What is the word that describes all the devices that express time?

  • 10
    Can you provide the context that you want to use such a word?
    – James K
    Jul 3, 2021 at 15:26
  • 3
    I agree with @JamesK you definitely need to supply the context for the word, is it for a story, a website, a shop? Or are you fueled by simple curiosity?
    – Mari-Lou A
    Jul 3, 2021 at 16:35
  • 6
    "Timepiece" is the best option. Your objection seems meaningless, since (as @JamesK pointed out) a sundial is also a device that expresses time. Don't expect there to be a word with a meaning that you come up with, unless it is a common enough meaning that other people want to convey.
    – user21820
    Jul 4, 2021 at 20:32
  • 4
    @Shuvo: The word "especially" does not mean the same thing as "exclusively." A timepiece can have a bell, it's just that the word is sometimes used to specifically mean a device without a bell.
    – Kevin
    Jul 5, 2021 at 1:28
  • 2
    @ChrisH, you look at a watch and then say that it is ten o'clock, not on the watch, so one could expect clock to be a more general term. Of course, languages are not always logical, and it is common that they differ in how general the most common word for a thing is. I was just trying to say that it is not unreasonable to be a bit surprised by English in this case.
    – Carsten S
    Jul 6, 2021 at 8:11

3 Answers 3



noun: chronometer; plural noun: chronometers

an instrument for measuring time, especially one designed to keep accurate time in spite of motion or variations in temperature, humidity, and air pressure

I believe this is the largest category that encompasses every possible device whose function is to measure the passing of time.

"Timepiece" is the one that probably best describes the familiar kinds of time-keeping devices that a layperson is likely to encounter. And, to JamesK's point, there really is a staggering diversity of sub-species; in very many contexts, a more-precise term is better.

"Chronometer" is also what people call expensive watches. But, the expensive watch market is driven by a relatively small group of fabulously rich people who have more money than anyone could possibly spend in a lifetime, and we should not let their peacocking co-opt this term.

More usefully, anybody whose life literally depends on accurate timekeeping (e.g. divers and astronauts, who have to ration breathable atmosphere), will insist on a "chronometer," but those don't need to cost $100,000 (yes, really).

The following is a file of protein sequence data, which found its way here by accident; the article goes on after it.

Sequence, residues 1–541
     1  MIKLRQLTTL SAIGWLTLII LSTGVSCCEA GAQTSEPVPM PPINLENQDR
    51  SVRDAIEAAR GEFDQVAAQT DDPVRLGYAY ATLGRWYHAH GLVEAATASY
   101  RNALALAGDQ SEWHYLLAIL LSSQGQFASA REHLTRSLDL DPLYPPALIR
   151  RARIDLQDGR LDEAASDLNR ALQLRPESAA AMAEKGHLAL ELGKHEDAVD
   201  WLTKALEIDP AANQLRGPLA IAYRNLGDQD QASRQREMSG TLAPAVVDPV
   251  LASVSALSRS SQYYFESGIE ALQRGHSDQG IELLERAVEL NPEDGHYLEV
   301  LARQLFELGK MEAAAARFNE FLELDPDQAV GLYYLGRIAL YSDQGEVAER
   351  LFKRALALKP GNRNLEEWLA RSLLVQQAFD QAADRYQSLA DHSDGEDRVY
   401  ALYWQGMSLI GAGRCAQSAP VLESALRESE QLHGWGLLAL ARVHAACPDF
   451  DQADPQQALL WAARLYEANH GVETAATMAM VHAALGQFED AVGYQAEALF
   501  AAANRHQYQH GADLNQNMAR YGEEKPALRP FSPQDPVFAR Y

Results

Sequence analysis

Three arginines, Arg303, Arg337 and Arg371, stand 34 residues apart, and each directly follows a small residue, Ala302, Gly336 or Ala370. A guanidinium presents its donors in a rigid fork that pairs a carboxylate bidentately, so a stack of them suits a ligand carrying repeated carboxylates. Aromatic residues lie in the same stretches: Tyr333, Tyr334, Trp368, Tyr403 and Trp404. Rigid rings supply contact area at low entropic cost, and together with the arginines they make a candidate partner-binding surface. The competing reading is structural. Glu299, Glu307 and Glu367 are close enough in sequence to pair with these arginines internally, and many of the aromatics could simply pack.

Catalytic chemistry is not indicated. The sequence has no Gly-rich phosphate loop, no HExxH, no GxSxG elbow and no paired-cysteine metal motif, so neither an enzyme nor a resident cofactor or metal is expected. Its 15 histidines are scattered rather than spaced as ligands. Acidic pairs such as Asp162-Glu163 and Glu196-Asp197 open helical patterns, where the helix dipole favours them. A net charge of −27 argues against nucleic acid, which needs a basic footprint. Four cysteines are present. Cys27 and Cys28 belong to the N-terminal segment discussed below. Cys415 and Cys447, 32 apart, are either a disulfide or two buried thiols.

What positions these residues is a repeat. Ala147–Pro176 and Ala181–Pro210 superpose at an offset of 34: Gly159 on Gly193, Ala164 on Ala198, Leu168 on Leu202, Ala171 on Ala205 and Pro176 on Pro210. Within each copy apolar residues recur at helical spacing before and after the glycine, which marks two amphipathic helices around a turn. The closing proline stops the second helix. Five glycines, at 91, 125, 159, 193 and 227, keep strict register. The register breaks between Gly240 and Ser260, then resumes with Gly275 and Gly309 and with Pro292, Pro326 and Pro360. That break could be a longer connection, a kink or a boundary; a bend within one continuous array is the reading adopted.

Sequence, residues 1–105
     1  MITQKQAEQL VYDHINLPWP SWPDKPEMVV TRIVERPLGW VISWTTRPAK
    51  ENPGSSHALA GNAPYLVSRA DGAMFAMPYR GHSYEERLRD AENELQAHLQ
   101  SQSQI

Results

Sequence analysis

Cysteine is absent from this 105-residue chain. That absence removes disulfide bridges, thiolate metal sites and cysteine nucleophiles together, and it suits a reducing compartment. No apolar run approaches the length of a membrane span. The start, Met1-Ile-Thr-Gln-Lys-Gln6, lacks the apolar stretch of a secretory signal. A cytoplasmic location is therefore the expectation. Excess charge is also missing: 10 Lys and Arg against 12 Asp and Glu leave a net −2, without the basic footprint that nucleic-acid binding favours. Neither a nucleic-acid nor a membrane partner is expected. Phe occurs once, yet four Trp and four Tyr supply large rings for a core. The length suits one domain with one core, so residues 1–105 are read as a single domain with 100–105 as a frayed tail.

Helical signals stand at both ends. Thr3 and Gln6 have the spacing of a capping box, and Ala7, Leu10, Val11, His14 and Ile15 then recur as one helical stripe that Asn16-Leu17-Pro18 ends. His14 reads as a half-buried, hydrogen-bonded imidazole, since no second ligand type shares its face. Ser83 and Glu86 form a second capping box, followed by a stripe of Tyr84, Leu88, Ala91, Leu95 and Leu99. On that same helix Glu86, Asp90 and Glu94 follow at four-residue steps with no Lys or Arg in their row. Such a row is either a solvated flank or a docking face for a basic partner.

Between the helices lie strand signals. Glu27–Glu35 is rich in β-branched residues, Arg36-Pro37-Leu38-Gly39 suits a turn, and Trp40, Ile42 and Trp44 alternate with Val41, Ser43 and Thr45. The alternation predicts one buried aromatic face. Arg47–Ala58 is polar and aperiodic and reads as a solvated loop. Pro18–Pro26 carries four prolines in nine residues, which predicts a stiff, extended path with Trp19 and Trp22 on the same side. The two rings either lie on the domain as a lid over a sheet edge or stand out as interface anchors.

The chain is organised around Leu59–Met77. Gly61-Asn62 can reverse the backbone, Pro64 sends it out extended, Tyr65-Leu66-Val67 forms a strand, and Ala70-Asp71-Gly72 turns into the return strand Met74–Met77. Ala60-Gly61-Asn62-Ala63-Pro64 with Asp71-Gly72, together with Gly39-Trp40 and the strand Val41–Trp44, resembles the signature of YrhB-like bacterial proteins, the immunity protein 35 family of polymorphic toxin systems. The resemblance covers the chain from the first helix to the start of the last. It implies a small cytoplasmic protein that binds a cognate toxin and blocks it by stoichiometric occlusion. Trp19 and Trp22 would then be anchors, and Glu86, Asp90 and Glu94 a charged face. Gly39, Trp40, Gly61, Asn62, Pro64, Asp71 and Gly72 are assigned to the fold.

• 7
    I feel this is the answer to a different question. A chronometer is a very specific kind of timepiece - it's one that's extremely accurate despite fluctuations in temperature and pressure. It's absolutely not the general term for an object that measures time; which is "timepiece". That's what OP was asking for. Jul 5, 2021 at 6:09
  • 2
    "Chronometer is what people call expensive watches" in much the same way as "formula one is what people call expensive cars". There are specific technical requirements for something to be a chronometer, and while mechanical watches which meet those requirements are expensive, the requirements are not based on the cost. Jul 5, 2021 at 10:20
  • 2
    I don't know about astronauts, but as far as safety is concerned, a diver would be well enough served with any old watch that kept time to within a minute a day.
    – TonyK
    Jul 5, 2021 at 20:21
  • 1
    @Shuvo Only according to buyers and sellers in that market; but they don't get to decide what our terms mean. The word is properly applied to any device whose function is to measure the passage of time. I believe there is no broader term for such devices: it includes all of them, regardless of their form, and it does so by reference to their nature as timekeeping devices.
    – Tom
    Jul 6, 2021 at 22:17
  • 2
    @Shuvo "Timepiece" is definitely the best answer. I originally came here to post that word, and then saw that it had already been suggested. I added "chronometer" for completeness, in case some future user has needs different from yours. "Timepiece" is narrower: it generally refers to personal possessions, from worn items to furniture like grandfather clocks. It might be kind of weird to call a giant atomic clock a "timepiece."